Ripe for the picking

Carolyn Abney
October 18, 2007

Winemakers all across Italy are breathing sighs of relief as their grapes have been picked, pressed, and are now on their way to becoming 2007 vintage wine. Here’s a look at the grapes of the 2007 harvest, from the vineyard to your table.



Close to home, members of the Chianti Classico Wine Consortium seem to be doing a lot of smiling. While they admit that the phrase un’ottima annata (‘an excellent year’) has been abused, they believe it is just the right sentiment for the 2007 harvest.  Chianti grapes are down in quantity by 10–15 percent, which should produce especially high-quality wines. 


In Montepulciano, Susana Crociani continues her family’s generations-long tradition of winemaking. She says this year’s grapes were healthy and matured at exactly the right time. Extreme heat during the early summer made for some anxious moments, but the short rains in the middle of August and beginning of September produced grapes that were full of sugary juice. Crociani is convinced that 2007 will be ‘a truly great year’.


Further south, in Montalcino, Hayo Loacker said the harvest at his family’s wineries was the earliest in the last 20 years thanks to a very warm spring that jump-started their vines. He feels their grapes matured in an ‘ideal way’, and he expects some ‘excellent wines’ to come out of this harvest. Loacker runs his vineyards on bio-dynamic principles, using natural techniques to make the vines disease-resistant rather than employing synthetic fungicides. 


In much of Tuscany, it was a strange year. The winter was not very cold. Spring and early summer were too hot. We had chilly spells in August. And we had lots of unneeded, unwanted rain. Wet grapes can mold, so they should not be picked when they are wet. However, if the goal is to make a big red wine, grapes should be left on the vine as late as possible to increase their sugar content.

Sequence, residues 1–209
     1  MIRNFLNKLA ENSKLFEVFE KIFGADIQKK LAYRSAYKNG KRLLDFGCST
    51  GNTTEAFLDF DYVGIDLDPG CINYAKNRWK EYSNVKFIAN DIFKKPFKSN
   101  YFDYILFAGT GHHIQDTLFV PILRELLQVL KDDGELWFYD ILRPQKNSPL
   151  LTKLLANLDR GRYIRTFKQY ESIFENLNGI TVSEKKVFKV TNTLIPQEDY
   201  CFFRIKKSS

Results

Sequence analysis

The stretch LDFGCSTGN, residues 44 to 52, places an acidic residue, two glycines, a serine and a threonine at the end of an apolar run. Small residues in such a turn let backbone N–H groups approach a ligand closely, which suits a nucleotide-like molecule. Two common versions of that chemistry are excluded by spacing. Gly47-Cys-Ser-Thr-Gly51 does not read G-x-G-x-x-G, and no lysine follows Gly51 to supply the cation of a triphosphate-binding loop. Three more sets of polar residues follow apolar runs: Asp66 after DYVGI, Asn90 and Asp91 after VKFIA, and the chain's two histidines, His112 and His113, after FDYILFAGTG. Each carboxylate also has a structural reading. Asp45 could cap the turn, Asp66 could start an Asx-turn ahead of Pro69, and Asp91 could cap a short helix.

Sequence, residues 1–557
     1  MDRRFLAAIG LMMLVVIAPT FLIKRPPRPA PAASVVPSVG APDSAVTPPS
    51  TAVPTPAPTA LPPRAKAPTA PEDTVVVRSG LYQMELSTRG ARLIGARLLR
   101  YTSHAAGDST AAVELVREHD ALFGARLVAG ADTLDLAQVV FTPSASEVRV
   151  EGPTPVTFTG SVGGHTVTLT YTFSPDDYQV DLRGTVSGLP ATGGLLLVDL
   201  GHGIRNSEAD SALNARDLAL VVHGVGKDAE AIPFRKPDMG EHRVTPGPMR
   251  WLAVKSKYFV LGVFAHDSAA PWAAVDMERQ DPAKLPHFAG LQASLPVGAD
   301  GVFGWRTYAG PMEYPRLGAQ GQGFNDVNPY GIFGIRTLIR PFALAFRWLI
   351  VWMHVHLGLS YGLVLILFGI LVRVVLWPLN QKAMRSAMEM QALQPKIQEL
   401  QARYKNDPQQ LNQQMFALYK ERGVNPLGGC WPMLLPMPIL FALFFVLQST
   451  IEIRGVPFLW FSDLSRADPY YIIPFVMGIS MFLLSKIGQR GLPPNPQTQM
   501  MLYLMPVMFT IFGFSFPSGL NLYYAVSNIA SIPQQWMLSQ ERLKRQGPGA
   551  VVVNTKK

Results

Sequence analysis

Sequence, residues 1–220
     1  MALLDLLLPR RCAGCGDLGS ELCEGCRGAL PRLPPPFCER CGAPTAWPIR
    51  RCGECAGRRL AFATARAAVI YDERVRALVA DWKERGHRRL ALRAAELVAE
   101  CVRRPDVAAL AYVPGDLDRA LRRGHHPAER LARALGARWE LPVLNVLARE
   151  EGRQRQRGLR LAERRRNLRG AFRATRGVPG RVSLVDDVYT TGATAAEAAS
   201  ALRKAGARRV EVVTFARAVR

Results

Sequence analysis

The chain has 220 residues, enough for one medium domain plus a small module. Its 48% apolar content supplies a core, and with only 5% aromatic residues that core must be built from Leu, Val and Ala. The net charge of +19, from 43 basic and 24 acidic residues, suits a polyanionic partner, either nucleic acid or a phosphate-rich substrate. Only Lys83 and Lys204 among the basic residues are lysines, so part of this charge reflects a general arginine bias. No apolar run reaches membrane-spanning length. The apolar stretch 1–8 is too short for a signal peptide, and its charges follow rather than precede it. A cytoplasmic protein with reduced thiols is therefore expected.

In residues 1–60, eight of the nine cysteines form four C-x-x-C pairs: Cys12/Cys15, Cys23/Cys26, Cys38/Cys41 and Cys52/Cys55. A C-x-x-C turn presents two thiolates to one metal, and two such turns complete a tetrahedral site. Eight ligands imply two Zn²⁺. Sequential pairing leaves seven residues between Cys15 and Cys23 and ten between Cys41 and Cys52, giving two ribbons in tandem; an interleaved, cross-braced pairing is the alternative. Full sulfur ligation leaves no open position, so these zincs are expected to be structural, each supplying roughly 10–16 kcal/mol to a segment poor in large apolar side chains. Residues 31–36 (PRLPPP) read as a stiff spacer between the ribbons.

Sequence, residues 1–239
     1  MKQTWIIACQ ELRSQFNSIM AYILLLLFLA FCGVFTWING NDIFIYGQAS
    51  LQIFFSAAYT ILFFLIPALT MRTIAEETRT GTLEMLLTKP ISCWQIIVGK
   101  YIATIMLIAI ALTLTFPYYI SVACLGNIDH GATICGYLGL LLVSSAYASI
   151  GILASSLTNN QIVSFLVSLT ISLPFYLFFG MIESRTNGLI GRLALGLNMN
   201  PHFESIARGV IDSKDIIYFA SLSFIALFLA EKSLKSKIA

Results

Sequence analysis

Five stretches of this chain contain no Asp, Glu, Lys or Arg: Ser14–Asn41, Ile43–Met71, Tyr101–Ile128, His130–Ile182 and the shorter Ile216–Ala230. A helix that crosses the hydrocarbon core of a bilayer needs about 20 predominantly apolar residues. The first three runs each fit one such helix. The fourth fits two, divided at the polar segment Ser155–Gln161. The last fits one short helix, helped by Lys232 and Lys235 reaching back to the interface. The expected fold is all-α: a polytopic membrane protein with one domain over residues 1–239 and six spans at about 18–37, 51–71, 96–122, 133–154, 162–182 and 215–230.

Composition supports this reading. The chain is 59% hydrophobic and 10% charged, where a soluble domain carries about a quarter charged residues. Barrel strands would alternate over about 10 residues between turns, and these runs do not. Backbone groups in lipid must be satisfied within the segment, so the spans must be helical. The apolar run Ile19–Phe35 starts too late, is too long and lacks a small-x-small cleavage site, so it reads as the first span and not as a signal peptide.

In Italy, grapes are generally still picked by hand and put into small containers, either straw or plastic. It is important that the skins of the grapes not be broken during this process as it can lead to the beginning of fermentation.


After the stems have been removed, the grapes go into the crusher or press, where the object is to extract the juice (called must) while keeping the skins intact.  Wine’s color comes from letting the skin of the grape soak in the juice during fermentation. The longer the skin soaks during this process—called maceration—the darker the juice will be.  Tannins—the substance in wine that sometimes makes your mouth feel dry—are extracted from the seeds and skin of the grapes during maceration. Red wines will naturally have more tannins, since most white wines do not ferment with their skins.


The winemaker then adds what he thinks is the perfect amount of yeast to the must to promote fermentation.  During fermentation, the yeast reproduces itself until all the fermentable sugars have been consumed and turned into alcohol.


The winemaker will move the fermented must into a container. Types of containers include concrete vats (rarely used); steel containers (usually for whites and some reds); and wood (large barrels, intermediate barrels, and barriques, which are small barrels that hold 225 liters). 


Deciding to bottle is a delicate decision—depending on the type of wine, it can ferment for days, weeks, or even years. 



This year’s barrel-tastings are not until February. In the meantime we’ll just have to enjoy the Chianti Classicos, Vino Nobile di Montepulcianos, and Brunello di Montalcinos already on the shelves. Be sure to keep your eye out for shops advertising sfuso wines. Bring your own bottle to fill up by the liter or demijohn.

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